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The way our laws define family sends a signal about who our country sees and values. But these choices are more than symbols—they have powerful practical consequences for real people’s ability to care for those they love.
This report, Recognizing All Families to Expand Our Movements: Insights from the Family Justice Network, shows that change is possible when people organize around the widely-shared value of family.
Duluth’s paid sick time law will take effect on January 1, 2020. It is the 10th paid sick time law in the U.S. that allows workers to use earned sick time to care for chosen and extended family members, including loved ones who are the equivalent of family even without a biological or legal relationship.
These license-to-discriminate laws allow businesses to refuse to serve individuals if doing so would be contrary to religious beliefs. While it is unfortunate that states are still working to undermine LGBTQ rights, ABB stands with those who are instead fighting for more inclusive and equitable laws.
Workers can now use their sick time to care for a more diverse range of family members, as well as to address needs arising out of domestic or sexual violence. All workers deserve the right to care for themselves and their families, no matter what their families look like. We’ll keep fighting here in New York and across the country to ensure that right is a reality for all our families.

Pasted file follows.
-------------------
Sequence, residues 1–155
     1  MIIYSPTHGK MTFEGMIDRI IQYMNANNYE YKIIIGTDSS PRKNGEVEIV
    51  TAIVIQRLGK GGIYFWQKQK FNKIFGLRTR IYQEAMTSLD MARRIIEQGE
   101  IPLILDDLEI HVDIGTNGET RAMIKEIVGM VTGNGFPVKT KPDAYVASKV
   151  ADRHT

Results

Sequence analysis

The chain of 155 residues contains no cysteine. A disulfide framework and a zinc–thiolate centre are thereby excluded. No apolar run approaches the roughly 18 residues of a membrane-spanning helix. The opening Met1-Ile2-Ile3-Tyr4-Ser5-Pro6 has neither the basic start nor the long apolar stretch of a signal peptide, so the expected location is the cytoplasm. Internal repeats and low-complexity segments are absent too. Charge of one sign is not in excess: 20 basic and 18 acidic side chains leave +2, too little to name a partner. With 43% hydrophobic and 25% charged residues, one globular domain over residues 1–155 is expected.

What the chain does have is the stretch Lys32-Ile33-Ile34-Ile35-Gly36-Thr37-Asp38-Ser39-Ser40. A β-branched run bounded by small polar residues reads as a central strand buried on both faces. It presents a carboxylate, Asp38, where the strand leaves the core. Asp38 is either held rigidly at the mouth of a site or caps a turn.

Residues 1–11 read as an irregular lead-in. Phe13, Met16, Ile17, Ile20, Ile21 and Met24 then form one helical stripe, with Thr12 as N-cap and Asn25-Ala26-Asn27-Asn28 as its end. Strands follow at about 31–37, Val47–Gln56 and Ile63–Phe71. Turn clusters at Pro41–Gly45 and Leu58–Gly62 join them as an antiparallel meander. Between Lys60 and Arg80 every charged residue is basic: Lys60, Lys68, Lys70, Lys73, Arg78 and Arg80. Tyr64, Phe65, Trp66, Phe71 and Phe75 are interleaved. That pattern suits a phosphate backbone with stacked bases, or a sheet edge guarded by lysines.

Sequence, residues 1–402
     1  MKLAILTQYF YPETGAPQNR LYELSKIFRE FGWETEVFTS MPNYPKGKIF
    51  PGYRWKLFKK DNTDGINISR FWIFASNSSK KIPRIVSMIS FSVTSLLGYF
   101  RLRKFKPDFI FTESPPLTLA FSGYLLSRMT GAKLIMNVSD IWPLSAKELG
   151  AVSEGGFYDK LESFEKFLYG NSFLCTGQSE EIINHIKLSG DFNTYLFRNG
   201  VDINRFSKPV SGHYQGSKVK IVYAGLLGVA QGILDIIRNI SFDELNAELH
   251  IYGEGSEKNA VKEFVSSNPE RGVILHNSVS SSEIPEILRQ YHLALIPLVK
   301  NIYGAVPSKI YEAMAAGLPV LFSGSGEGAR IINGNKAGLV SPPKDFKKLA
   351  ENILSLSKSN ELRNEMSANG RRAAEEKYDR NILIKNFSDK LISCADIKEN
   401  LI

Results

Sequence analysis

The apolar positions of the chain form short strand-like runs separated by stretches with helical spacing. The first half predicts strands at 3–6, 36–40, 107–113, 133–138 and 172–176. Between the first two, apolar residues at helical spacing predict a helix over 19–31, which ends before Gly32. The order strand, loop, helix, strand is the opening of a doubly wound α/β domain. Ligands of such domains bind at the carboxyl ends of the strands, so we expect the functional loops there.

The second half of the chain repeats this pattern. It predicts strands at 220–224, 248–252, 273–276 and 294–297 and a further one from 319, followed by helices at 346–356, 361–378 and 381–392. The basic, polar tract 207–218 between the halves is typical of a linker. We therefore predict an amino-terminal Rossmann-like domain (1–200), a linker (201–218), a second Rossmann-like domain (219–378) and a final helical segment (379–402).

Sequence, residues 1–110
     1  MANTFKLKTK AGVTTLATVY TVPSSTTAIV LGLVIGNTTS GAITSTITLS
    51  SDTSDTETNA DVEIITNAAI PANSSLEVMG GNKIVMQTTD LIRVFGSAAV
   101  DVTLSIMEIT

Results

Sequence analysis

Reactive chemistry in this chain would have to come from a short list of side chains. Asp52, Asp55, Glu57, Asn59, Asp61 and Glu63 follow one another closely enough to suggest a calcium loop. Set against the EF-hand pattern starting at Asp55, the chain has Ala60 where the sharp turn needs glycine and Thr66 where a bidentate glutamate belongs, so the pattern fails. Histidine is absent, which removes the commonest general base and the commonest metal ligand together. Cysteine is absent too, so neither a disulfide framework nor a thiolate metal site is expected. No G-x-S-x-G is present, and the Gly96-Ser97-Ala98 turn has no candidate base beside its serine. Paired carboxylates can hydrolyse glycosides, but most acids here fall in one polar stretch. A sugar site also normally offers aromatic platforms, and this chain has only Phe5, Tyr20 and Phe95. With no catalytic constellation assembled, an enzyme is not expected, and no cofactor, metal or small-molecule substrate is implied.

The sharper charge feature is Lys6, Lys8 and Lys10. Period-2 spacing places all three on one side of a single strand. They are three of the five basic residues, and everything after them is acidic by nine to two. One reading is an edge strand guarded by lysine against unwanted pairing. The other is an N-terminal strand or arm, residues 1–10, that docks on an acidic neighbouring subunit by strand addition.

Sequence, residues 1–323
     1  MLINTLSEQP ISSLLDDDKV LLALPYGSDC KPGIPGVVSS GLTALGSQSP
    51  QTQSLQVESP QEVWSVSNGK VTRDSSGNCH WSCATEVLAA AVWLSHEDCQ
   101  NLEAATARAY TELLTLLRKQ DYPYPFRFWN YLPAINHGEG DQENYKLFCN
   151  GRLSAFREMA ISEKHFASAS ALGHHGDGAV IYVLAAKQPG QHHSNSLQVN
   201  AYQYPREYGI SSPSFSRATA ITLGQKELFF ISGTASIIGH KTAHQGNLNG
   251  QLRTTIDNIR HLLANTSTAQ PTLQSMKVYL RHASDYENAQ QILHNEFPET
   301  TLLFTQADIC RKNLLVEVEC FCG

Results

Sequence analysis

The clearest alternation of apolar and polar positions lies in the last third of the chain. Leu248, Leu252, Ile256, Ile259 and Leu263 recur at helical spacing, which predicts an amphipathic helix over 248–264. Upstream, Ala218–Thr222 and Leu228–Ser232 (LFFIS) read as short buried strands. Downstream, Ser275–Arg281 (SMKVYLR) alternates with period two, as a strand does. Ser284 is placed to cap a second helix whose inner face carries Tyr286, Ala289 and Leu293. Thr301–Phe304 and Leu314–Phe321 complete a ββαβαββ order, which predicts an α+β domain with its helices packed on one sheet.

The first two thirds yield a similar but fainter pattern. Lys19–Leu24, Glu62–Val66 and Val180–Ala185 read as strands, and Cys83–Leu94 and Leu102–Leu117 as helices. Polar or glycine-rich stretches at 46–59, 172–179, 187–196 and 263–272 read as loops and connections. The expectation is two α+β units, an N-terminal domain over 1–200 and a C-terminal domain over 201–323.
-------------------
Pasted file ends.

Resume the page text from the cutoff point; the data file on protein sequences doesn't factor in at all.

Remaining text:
In a tremendous victory many years in the making, the New Jersey Senate passed the Earned Sick and Safe Days Act. The law will allow New Jersey workers to earn up to 40 hours of paid sick time per year. Nearly all employers in New Jersey will be subject to the law, regardless of size.
The Austin City Council voted 9-2 to pass a paid sick time ordinance, making Austin the first city in Texas, and the first jurisdiction in the South, to guarantee workers the right to earn paid sick time to use when they or a family member, including a chosen family member are ill or in need of care.
A Better Balance was proud to be on hand at City Hall yesterday as Mayor de Blasio signed into law an expansion of New York City’s paid sick time law to cover domestic violence purposes and to expand the definition of family members for whom New York workers can take sick leave.
Statement from A Better Balance, Family Values @ Work, and Center for American Progress For immediate release: November 6, 2017 Contact: Rachel Sica, email@example.com, 212-430-5982 Extension 163 Momentum Swells for…